It was back in 2016 that the UAE appointed its first Minister of State for Happiness, Her Excellency Ohoud Al Roumi. In the intervening years the department has sought to drive innovative policy, determined to show that its creation was about bringing substantive change and not just positive publicity.
The United Nations World 2021 Happiness Report placed the UAE as the 25th happiest country between 2018-20, and despite the challenges of the Covid-19 pandemic, the emirates continues to pursue a happiness-centric agenda.
“At the heart of any development here in the UAE is the focus of the human being,” says the UAE Minister of Community Development, Hessa Bint Essa Buhumaid, at Expo 2020’s ‘Chemistry of Happiness’ event. “The wealth of the community and society is the human being.
“This is our top priority, which became very clear when the pandemic hit. One of the major decisions the government has made is to put the individuals at the heart of everything we do.”
The UAE’s National Programme for Happiness and Wellbeing has been running for six years, focusing on individuals, community and the whole country. Minister Buhumaid admits that because happiness is by nature subjective, creating policy can be challenging.
“Happiness is not the only focus, because research shows that being happy can be different from one person to another,” she says. “I remember when we started people thought we were crazy… we surveyed people and looked for what makes each individual well, what goes into that and then what makes the community happy and thriving too.”
The UAE’s collaborative approach to community happiness is one that Dr Vikram Patel, Harvard Medical School’s professor of global health, feels other governments could take heed of, suggesting an outlook of collective responsibility is more effective to ensure the happiness of citizens.
“There is too much emphasis on what we can do as individuals to promote our own happiness,” Dr Patel explains. “This is partly fuelled by governments who want to transfer the responsibility of the happiness of their populations completely to the individuals.
“The really powerful actions will be social circumstance, which enable all persons in a community to experience sustained happiness. That means a society that is fair and just, where all citizens are all treated equally well.
“Where there is genuine community and global solidarity for the big issues which affect all of us like climate change, we need action to make happiness a public good like education and health, where everyone has the right to live a life with meaning and purpose.”
The importance of community cohesion is also underlined by Elisha London, CEO and founder of UK-based mental health strategy company Prospira Global. With an average of two percent of health budgets go towards mental health, those in power need to be more decisive with their interventions, she says.
“There shouldn’t be too much focus on the individual as this is a systemic issue,” London says. “How do we address the structures in place? Most people don’t have access to support so it always falls back on the individual. But what are governments doing, what is the role of business? What is it going to take for us to really come together to address all those factors, not just the individual?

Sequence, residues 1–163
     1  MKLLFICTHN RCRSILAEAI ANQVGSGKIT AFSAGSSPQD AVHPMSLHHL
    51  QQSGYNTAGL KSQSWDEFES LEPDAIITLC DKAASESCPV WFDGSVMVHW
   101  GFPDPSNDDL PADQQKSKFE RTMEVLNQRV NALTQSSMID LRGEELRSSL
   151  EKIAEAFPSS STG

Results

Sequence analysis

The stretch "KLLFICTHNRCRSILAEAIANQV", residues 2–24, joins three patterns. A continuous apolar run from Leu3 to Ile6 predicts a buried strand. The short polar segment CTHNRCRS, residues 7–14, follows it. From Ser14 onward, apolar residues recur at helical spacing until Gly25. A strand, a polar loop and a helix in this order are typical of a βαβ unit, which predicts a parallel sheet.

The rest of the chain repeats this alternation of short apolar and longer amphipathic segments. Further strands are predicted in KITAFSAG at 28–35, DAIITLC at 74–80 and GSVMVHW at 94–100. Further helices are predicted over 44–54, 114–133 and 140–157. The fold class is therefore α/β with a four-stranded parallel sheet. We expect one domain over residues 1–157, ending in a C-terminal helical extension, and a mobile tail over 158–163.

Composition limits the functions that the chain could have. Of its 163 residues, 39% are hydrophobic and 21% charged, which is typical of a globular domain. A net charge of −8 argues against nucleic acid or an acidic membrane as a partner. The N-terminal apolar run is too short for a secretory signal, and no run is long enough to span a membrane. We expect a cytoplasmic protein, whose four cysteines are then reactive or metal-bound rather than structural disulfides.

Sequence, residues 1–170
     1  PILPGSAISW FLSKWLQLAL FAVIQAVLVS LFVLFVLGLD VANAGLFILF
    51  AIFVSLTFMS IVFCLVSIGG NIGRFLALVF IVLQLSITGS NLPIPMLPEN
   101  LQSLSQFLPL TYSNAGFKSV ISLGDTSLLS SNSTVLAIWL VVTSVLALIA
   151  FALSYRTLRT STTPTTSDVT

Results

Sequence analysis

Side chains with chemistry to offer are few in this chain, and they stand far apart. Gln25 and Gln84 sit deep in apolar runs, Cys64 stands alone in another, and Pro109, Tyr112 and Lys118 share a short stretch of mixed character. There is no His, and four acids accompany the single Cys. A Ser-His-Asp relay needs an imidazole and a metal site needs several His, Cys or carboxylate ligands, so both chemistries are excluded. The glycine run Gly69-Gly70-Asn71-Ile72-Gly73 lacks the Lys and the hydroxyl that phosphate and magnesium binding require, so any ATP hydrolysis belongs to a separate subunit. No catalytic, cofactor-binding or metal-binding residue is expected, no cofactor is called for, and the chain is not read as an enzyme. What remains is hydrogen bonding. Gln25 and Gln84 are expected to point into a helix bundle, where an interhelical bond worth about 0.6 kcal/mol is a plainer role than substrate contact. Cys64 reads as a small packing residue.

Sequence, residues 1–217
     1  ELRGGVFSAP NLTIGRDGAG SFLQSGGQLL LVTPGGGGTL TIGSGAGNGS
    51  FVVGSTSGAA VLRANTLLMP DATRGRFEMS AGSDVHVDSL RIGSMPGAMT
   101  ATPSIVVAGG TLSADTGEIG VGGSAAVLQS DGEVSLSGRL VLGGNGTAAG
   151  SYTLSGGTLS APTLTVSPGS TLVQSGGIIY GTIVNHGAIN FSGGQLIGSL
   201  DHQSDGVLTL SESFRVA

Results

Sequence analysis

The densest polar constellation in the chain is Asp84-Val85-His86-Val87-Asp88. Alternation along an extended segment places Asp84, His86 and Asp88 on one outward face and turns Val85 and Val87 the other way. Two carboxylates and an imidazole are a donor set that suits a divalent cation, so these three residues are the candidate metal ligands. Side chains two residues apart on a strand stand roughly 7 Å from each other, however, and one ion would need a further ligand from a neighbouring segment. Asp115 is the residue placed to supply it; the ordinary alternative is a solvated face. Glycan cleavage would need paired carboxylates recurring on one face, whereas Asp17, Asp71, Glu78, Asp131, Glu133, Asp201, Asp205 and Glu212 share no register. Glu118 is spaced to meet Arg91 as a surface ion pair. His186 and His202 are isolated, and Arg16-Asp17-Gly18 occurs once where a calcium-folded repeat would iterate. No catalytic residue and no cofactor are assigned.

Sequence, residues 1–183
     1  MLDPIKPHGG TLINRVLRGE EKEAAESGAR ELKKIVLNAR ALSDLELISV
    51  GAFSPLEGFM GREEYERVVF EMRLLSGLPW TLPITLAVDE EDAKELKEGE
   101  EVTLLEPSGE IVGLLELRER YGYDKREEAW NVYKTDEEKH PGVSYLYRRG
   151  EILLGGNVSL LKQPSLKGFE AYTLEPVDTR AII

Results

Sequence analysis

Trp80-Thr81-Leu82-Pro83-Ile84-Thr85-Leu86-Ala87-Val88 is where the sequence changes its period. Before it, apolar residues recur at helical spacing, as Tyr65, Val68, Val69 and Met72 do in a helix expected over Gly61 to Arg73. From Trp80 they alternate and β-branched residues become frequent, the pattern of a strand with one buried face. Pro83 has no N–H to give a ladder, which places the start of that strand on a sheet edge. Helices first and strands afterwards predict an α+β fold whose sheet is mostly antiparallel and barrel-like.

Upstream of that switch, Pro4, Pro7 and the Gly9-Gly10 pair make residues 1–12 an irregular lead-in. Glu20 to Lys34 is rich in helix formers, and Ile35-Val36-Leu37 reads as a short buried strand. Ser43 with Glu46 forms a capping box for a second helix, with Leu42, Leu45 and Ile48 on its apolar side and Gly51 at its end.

“We know that a business that invests in the mental health of their people and governments that invest in their people has a financial return, but also lives are impacted, communities are impacted, culture is impacted; we are better as whole people when we invest in our mental health. It has been underfunded and deprioritized for so long.
“Businesses can think about this idea of being net-mental health positive across people, products, philanthropy. They will have happy staff and happy communities. It’s not about putting pressure on ourselves to be happy all the time, but making the decision to live a life that will make use happier.”
The quest for a ‘formula’ for happiness has been somewhat of a holy grail for academics, governments and the World Health Organisation alike as humanity attempts to define exactly what it is that makes people happy. According to Dr Patel, there is an important distinction to be drawn between positive mental health and happiness.
“It is an intensely private experience, like physical health,” he says. “It seems counterintuitive to suggest someone can be happy while they’re not experiencing good mental health, but happiness is not the same as the absence of mental health problems.
“People with depression can experience happiness because they’re living a life with meaning and purpose… Mental health encompasses a much wider range of human experiences beyond happiness — it is influenced by one’s genes, physiology and early life experiences.”
The pursuit of happiness may seem like an obvious driving force in people’s lives, but the reality is much more nuanced. Also, it is not possible to be positive and productive at all times.
“Happiness and joy bring so much into our lives, but if that’s our end goal we miss the whole spectrum of human emotion,” mental health strategist London concludes.
“There is joy to be found in the hard times too, and we need to accept that in our lives we will be sad as well as happy, and that we can and should talk about both.”
Mark is a Dubai-based writer who has couch-surfed through Ukraine, broken bread with football fans in Basra, and appeared on a boxing reality TV show in the UAE – all in pursuit of a good story. Or at least an average anecdote.